There's something that feels so wrong about buying a stock at an all-time high. "If only I had bought it six months ago," we tell ourselves. Or perhaps we resolve, "As soon as it drops 20%, then I'll buy back in."
It makes sense on an emotional level. But it also ignores how the stocks of many of the world's greatest companies behave -- they are constantly setting all-time highs. If we wait for a big dip, we might never get a chance to buy shares.
When that's the case, it ends up being best to just bite the bullet and buy.
Helping build better relationships
Zendesk was founded in 2007 by three Danish friends who were looking to build an intuitive customer-service software solution. Their mission was "to help organizations and their customers build better relationships."
The company's flagship product is Zendesk Support, which helps small and medium-sized businesses (SMBs) track, prioritize, and solve customer complaint tickets on a single, shareable interface. But over the past decade, it has also developed other popular products:
- Zendesk Chat is live chat software that lets a company "talk" to people visiting their sites.
- Zendesk Talk is a cloud-based call center that provides more direct support than Chat.
- Zendesk Guide is used by companies to take lots of information and organize it in a way that helps a customer easily find the answers to their questions on their own.
- Zendesk Explore takes all of the data collected by various Zendesk products and analyzes it under one umbrella for everyone to see.
Over the years, Chat has emerged as a popular add-on. But, as you'll see, the company is starting to see significant traction in "Others" as well.
It should be noted that those 2018 numbers represent just one quarter of growth. Clearly, Zendesk has significant momentum among SMBs, having captured over 125,000 subscriptions to its services.
Why Zendesk is worth owning even after the run-up
I wouldn't blame you for thinking that you've missed the boat with Zendesk stock; shares have more than tripled since February 2016. Not only that, but the company has yet to turn a profit, and currently trades for 180 times trailing free cash flow. That isn't cheap.
But there are some serious factors working in the company's favor that will make it a long-term winner. First and foremost, it has a wide and growing moat, thanks to high switching costs and -- increasingly -- the network effect.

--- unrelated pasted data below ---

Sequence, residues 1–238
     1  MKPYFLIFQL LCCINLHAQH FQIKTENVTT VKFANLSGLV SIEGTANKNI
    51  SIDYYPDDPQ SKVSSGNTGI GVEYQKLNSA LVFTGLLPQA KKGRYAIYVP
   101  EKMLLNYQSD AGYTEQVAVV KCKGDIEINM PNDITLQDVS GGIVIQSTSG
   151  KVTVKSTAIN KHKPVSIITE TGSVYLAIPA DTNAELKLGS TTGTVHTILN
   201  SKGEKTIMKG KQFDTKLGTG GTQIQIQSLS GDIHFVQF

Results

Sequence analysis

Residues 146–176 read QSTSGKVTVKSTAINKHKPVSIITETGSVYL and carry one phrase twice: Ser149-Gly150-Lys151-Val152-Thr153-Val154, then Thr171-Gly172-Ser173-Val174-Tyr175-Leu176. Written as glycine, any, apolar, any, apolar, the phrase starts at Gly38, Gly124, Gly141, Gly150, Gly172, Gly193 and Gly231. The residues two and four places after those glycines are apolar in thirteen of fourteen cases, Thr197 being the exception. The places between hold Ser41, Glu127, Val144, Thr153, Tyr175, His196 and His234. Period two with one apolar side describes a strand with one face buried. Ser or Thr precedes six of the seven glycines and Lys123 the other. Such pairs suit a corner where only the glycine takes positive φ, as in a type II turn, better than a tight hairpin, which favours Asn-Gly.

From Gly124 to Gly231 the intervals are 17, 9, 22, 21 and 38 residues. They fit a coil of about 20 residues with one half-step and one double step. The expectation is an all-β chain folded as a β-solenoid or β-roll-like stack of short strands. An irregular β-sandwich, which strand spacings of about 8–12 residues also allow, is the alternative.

Think about it: If you own an SMB and all of your employees are trained on a single customer-service interface, and all of your data is stored on that interface, would you want to switch? Not only would that migration of data be expensive financially, but you'd also have to retrain your entire staff, and risk losing mission-critical data in the process.
One way investors can monitor these high switching costs is by a metric called the dollar-based net expansion rate, or DBNE. In the simplest sense, this measures a combination of churn away from Zendesk products and the number of existing customers signing on to use more of the company's solutions. Since going public, the DBNE has always been above 115%, and it recently grew to 120%. This means that customers are not only sticking around, but they are adding more Zendesk solutions over time as well.
Zendesk's growing size and popularity are starting to help it benefit from network effects. With each customer that joins the platform, the platform itself becomes more valuable. This occurs through two mechanisms:
- Zendesk Benchmark and Insights: Both of these services use machine learning on the gobs of data Zendesk collects across its services to help customers better understand their own data. The more data that gets fed into the system, the more accurate it can become.
- Third-party platform: Zendesk allows third-parties to develop apps and interfaces that can help improve its products. As more customers join Zendesk, they'll add their own solutions and attract other third-party developers to contribute as well, which will attract even more developers.
If that wasn't enough, Zendesk has been making significant strides into the deep end of the pool and focusing on larger enterprise customers. Last quarter, for instance, 38% of monthly recurring revenue came from companies with over 100 agents -- in other words, it came from larger companies. In 2015, this figure stood at just 25%.
Furthermore, the number of contracts closed with values of over $50,000 annually increased 60% in the most recent quarter. That shows that bigger fish are signing on to Zendesk's ecosystem.
What one investor is doing
To be sure, this momentum carries its own risks. Not only is the company forgoing profitability to aggressively reinvest in these opportunities, but it will face heavy competition. Atlassian (NASDAQ: TEAM), for instance, offers many of the same solutions as Zendesk, but has been recruiting larger enterprise customers for far longer.
Shareholders must also consider the added danger if Zendesk were to show any signs of a slowdown in acquiring customers. Because of the stock's rich valuation, such an announcement could cause shares to fall dramatically.
My skin is firmly in the game; shares of Zendesk account for over 2% of my real-life holdings. I'm wary of adding more now, simply because I like my allocation where it is. If you don't own the stock, however, I don't think you should let the all-time highs stop you from adding it to your own portfolio.